……………One of the central responsibilities of the new presidential administration will be to address that risk, and this invaluable report from Ploughshares Fund provides a blueprint to achieve that critical mission. The diverse perspectives in this report are united around a common vision, one that Ploughshares Fund has embodied and promoted with exceptional clarity — if we want future generations to inherit a safer world, we must end our misguided approach to nuclear armament.
We can see the consequences of
that approach in our bloated nuclear arsenal. During the Cold War, the Soviet Union and the United States built tens of thousands of nuclear weapons in an escalating arms race that endangered human survival. Since the end of the Cold War, important progress has been made on arms control. The United States and Russia have both reduced the sizes of their nuclear arsenals. And under the terms of the New START Treaty, an arms control agreement negotiated between the United States and Russia, each country should have no more than 1,550 deployed strategic warheads by 2018.
But this recent progress has come at a cost. In exchange for the support of some Senate Republicans for passage of New START in 2010, President Obama promised to fund a major modernization of America’s nuclear arsenal, encompassing all three “legs” of the nuclear triad — our nuclear forces on air, land and sea.
Since then, the projected cost for modernization has grown substantially. Today, independent estimates suggest that nuclear weapons sustainment and modernization plans could cost American taxpayers nearly $1 trillion over the next 30 years.
Before taxpayers are saddled with a bill for this nuclear weapons spending spree, the next administration and
Congress must ask serious questions about how nuclear modernization will affect U.S. security and global stability. In light of our changing global security needs, we must reduce our nuclear spending, reform our nuclear posture and restrain our nuclear war plans.
To start with, both Congress and the president should reconsider the Pentagon’s plans to create new nuclear weapons, especially a dangerous new nuclear air-launched cruise missile, which will cost at least $20 billion
over twenty years. This nuclear cruise missile, also known as the Long-Range Stand-Off weapon (LRSO), will provide an unnecessary capability that could increase the risk of nuclear war.
The LRSO is the epitome of nuclear weapons overkill. The Pentagon has already committed to building a new nuclear-capable bomber, the B-21, a modernized gravity bomb, the B61, a new land-based ballistic missile and a next generation nuclear-armed ballistic missile submarine, the Columbia-class. It is unclear what deterrent capabilities the LRSO would provide that these systems do not. Between our existing and planned nuclear capabilities and our massive conventional arsenal
there is absolutely no justi cation for spending billions of dollars on a new and destabilizing air-launched cruise missile.
The LRSO could also undermine U.S. security. Nuclear cruise missiles are dangerous because they are dif cult to distinguish from non-nuclear varieties. As a consequence, if the United States used a conventional missile in a con ict with Russia or China, it could lead to devastating miscalculation and to accidental nuclear war.
Worse still, the Defense Department has justi ed the value of this new nuclear cruise missile by asserting that it is needed for purposes “beyond deterrence.” The Pentagon explains that the LRSO could be used to respond “proportionately to a limited nuclear attack.” Nothing embodies dangerous Cold War thinking more than planning for a so-called “limited” nuclear war.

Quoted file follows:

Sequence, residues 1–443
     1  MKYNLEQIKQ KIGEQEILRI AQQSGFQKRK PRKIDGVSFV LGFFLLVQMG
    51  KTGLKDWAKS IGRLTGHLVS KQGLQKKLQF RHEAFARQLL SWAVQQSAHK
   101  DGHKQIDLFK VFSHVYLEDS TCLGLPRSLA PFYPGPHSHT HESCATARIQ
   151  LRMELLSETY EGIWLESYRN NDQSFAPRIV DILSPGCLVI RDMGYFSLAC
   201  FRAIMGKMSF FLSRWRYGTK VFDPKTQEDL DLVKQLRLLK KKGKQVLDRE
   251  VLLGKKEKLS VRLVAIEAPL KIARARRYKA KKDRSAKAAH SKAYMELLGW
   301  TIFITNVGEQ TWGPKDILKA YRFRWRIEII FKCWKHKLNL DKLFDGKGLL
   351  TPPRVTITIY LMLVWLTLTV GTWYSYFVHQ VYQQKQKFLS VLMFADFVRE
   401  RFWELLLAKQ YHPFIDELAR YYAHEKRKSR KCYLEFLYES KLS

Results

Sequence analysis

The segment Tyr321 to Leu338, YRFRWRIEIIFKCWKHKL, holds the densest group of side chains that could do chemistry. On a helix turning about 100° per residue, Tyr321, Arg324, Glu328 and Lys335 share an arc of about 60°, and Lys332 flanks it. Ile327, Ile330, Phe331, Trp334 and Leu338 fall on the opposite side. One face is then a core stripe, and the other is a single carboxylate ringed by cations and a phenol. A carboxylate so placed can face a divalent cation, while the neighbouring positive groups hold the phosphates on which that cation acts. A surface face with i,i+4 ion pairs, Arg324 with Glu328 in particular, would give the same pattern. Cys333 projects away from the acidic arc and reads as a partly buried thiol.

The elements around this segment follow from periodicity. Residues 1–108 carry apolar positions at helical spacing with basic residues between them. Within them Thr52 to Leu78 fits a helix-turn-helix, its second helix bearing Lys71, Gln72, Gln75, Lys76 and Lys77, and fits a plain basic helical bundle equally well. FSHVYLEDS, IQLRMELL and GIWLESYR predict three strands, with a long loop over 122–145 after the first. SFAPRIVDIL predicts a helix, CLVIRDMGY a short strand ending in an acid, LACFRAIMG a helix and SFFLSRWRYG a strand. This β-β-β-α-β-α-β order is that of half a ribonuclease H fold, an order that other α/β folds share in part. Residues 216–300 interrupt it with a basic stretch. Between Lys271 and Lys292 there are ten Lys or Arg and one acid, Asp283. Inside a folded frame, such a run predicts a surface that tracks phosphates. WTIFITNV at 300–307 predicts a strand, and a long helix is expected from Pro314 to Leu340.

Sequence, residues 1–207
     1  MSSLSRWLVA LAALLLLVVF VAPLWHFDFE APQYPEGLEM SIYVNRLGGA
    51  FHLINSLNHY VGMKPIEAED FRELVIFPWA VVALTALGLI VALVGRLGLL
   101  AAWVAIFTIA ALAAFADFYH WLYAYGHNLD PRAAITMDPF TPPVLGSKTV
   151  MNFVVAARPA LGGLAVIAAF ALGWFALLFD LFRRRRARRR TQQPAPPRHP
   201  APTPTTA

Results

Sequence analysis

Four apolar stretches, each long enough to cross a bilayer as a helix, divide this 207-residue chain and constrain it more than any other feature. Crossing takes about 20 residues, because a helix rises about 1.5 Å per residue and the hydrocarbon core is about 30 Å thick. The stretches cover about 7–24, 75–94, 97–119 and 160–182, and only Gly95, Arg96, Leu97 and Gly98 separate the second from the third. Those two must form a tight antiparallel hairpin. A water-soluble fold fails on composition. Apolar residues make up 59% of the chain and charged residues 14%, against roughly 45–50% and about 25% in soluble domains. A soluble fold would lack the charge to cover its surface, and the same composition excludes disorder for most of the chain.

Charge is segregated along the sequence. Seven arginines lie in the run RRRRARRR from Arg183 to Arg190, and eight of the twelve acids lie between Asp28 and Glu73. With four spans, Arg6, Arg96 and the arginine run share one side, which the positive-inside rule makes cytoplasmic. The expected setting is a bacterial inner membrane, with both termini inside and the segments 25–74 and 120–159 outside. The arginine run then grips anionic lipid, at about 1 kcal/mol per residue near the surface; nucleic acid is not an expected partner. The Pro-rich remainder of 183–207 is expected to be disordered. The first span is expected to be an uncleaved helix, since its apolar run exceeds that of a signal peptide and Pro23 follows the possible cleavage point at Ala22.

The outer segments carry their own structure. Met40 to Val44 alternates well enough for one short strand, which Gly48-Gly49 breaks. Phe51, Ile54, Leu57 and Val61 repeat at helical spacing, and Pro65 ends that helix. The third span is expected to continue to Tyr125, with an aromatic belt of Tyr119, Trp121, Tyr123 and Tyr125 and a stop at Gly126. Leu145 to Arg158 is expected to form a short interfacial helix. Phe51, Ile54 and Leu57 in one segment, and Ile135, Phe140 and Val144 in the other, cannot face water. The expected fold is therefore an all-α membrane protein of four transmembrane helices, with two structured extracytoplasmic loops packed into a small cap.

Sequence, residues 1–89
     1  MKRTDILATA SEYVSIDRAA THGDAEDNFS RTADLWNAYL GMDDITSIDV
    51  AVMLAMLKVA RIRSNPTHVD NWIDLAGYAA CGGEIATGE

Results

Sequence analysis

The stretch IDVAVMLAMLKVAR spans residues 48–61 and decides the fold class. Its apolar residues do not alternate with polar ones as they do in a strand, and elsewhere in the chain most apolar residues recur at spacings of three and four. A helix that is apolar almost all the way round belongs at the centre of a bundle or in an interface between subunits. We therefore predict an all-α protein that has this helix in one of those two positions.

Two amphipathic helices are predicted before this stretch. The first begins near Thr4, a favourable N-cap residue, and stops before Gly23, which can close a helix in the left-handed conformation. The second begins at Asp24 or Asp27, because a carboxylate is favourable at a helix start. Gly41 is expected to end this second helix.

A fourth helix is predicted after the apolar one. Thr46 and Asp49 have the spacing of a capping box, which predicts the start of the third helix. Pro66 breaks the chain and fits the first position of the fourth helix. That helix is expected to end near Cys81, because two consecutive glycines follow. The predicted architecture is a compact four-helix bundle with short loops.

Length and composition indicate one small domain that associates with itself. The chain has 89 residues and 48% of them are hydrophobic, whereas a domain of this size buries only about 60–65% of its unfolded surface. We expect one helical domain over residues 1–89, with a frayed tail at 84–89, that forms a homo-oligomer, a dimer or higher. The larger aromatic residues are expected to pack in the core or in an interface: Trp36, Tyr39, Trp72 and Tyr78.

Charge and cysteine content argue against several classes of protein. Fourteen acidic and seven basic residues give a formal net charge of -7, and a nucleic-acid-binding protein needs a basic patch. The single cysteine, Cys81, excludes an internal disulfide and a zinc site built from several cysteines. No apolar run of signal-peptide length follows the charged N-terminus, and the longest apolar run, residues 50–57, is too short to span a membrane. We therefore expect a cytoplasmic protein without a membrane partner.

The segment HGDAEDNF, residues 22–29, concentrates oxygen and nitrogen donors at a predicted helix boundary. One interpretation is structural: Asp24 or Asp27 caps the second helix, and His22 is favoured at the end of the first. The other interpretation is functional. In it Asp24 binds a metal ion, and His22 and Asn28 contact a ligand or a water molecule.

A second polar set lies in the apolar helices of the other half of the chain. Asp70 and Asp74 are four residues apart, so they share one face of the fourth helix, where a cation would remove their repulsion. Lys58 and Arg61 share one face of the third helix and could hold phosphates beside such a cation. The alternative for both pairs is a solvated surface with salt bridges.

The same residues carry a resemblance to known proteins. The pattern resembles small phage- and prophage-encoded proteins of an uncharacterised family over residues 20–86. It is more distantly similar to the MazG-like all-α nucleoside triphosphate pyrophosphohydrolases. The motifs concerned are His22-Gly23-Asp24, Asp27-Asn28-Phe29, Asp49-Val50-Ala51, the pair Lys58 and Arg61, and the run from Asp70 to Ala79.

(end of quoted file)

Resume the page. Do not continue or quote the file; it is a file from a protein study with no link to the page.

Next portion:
There is no such thing as limited nuclear annihilation. Instead of promoting weapons that enable nuclear war fighting, the United States must reafirm that a nuclear war can never be won and must never be fought. –Senator Edward J. Markey
President-elect Trump needs to break through the old-think. To get on the right track, here are just a few things that the new administration can do:
- Don’t hand Russia a veto over US policy. If Moscow continues to oppose cooperation on arms control, Washington can reduce its nuclear forces independently, as President George H.W. Bush did. In the new report, Secretary Perry argues that, “our levels of nuclear forces should be determined by what we need, not by a misguided desire to match Moscow missile for missile.”
- Don’t waste money on unneeded nukes. Downsize President Obama’s unsustainable, trillion-dollar plans to rebuild the nuclear force. For example, Trump could phase out intercontinental ballistic missiles, as proposed by Perry, and cancel the new air-launched cruise missile, as proposed by Sen. Feinstein and Rep. Smith.
- Fix North Korea, don’t unfix Iran. Despite statements against the Iran deal during the campaign, Trump would be wise to support the successful agreement once in office and use it as a model for reaching out to North Korea, which continues its dangerous march to develop smaller weapons and larger missiles. Suzanne DiMaggio, senior fellow at New America, argues that, “diplomacy in the absence of trust is hard, but it’s not impossible.”
- Disconnect the nuclear button. No one human being should have the ability to launch hundreds of nuclear weapons in about four minutes with no checks and balances by Congress or anyone else, argues Dr. Kennette Benedict. Trump won despite the fact that many voters do not trust him to be commander-in-chief of US nuclear forces. He could allay fears by working to expand decision time and get congressional leaders in the loop before any president can decide to go nuclear.
Full Report on: Bold ideas to help make America safer and more secure 10-big-nuclear-ideas